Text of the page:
3.     Plan to Meet Existing Obligations

Practices should review contractual obligations from managed care payers, such as timely filing limits for claims and appeals, or submission of any encounter and/or quality data required. It is also a good idea to check employment agreements, vendor contracts and lease agreements. Reviewing these agreements and contracts for any clauses regarding termination, late payments, late fees, interest, etc. can save bigger headaches down the road. Maintain open lines of communication with payers and vendors on reporting or other obligations that you may not meet.

4.     Develop a Monthly Budget

This will help on a going forward basis as things move to normal business. Practices can identify what costs the most on a monthly basis and adjust as necessary.

5.     Talk to Vendors

If vendors know that the office is reopening, and will have revenue again, they may be willing to negotiate reduced rates, deferred payments or other considerations. Practices should contact vendors and see what they are offering to help with startup of the medical practice.

6.     Tackle Accounts Receivables Slowly

As the office reopens, practices should continue or re-start collection activity and implement an internal process to follow up on outstanding claims. Office staff can pull financial reports (Insurance Aging, Patient Aging, Adjustment Report, ideally starting in the 60 day and older aging buckets).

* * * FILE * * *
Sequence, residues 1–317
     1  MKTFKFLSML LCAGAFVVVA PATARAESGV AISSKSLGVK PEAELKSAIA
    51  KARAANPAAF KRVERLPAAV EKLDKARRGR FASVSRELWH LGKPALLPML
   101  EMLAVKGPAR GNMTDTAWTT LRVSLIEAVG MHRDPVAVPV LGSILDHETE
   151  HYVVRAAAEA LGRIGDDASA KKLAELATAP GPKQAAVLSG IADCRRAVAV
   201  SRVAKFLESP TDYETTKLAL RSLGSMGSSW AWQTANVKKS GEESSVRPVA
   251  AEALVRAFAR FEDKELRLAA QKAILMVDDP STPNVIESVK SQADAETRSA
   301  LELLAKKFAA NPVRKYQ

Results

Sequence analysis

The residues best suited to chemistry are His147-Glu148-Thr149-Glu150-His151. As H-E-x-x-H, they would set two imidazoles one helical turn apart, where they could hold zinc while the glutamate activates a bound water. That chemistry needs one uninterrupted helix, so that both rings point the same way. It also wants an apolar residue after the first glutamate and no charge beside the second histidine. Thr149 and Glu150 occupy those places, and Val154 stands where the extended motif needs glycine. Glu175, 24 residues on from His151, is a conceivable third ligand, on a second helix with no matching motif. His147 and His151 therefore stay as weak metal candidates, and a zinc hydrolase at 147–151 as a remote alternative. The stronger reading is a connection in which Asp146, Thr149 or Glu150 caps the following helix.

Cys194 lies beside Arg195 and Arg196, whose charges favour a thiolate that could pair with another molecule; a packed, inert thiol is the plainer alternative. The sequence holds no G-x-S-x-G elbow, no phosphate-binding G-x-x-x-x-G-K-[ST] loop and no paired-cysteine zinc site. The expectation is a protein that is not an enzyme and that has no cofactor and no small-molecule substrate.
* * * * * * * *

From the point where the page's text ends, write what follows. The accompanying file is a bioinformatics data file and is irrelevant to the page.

The goal should be to make sure every claim has been followed up on patient schedules for the upcoming one or two weeks.

7.     Verify Patient Contact and Insurance Information

When patients return to the office, their life circumstances may have changed. Office staff should confirm patient contact information, including address and phone number. Patient insurance eligibility and benefits should be checked to determine if eligibility is effective, or if copay and deductible amounts have changed. If patients have an outstanding balance, practices can offer payment plans. It is important to communicate with patients at the time of confirming appointments.

8.     Analyze Revenue Streams

Billing staff should understand the Days Revenue Outstanding (DRO), which is the average number of days it takes to collect on the practice’s accounts receivable. It is important to have an accurate understanding of revenue streams as payments may have been delayed, compared to past revenue trends, or incorrect due to payer delays in implementing telehealth requirements or other related factors.

Staffing Considerations

1.     Right Size Physician and Staff Work Force

As noted above, practice revenue and patient volume may come back slowly, in cycles and unevenly. To prepare for this, practices should consider staffing adjustments, which may include bringing staff and physicians back in different waves. Personnel can be placed on rotating teams or via telecommuting for certain positions if possible.

2.     Consider Options for Vulnerable Staff

Working in health care immediately puts health care workers at risk and at higher exposure. The risk is even higher for vulnerable staff – those over the age of 60 or with pre-existing conditions. Having internal policies for these workers can help all employees feel safe while working.